In my experience, Ubuntu server (without LAMP) is very close to barebones. I usually just add ssh, nginx and whatever backserver i'm using.

If, on the other hand, you want to reduce disk usage, then you'll be better served by a different distro or (the best option, IMHO) Linux From Scratch

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Linux From Scratch looks like the prefect resource for learning what is needed and why. That should help me in removing what isn't needed on my systems. Though I'm sure I'll continue to use full destros for their communities and support. It's not like I need to go off and start yet another linux flavor. –  Xeoncross Sep 21 '10 at 17:48
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A benefit of fully uninstalling unused packages is shorter package dependency changes, which means fewer, faster and shorter update downloads and less chance a fairly useless package will have an update issue. Also your /var partition will fill up slower/need less attention. –  kmarsh Sep 21 '10 at 20:20

You're asking what you can delete to suit your needs for a smaller server. But the way you're working it sounds like you may have a misunderstanding of the distro; Ubuntu is based on Debian, but it isn't Debian with custom packages making it Ubuntu. You can't just cut things out like the way it sounds like you want.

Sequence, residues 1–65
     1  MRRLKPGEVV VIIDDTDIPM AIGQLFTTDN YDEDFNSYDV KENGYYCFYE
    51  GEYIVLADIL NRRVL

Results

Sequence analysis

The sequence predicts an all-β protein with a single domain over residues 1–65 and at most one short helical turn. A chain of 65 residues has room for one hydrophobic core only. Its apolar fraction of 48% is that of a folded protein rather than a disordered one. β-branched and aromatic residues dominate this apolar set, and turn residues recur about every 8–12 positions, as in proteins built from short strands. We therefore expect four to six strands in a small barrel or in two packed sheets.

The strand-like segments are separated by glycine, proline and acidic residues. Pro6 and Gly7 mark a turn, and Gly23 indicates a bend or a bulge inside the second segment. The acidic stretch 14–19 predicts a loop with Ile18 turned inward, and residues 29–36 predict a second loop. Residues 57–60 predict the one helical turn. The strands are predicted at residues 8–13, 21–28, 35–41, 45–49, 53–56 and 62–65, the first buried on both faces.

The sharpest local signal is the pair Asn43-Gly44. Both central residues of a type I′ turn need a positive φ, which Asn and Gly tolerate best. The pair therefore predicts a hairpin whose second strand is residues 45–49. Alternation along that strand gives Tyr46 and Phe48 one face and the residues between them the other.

Plus, even if there were a script or packager, you're saying things like you don't need FTP since having discovered SSH. Well, if you were stripping a server to the "core", you may not necessarily need SSH, so automated tools might just strip that out too.

Essentially you need to intervene and figure out what you need and don't need and remove packages you don't use.

I don't know what the conditions are for your VPS, but my first reaction when people are looking to strip out a server to a minimal footprint is to tell them to look for distros that are geared for minimal footprints. Distrowatch may help you there. Ubuntu server is a general purpose OS that is not aimed at being small. If you're looking for a specialized server distro you can find them, but you'll lose some functionality that you may really be used to like the apt-get system or some other tool you've come to rely on.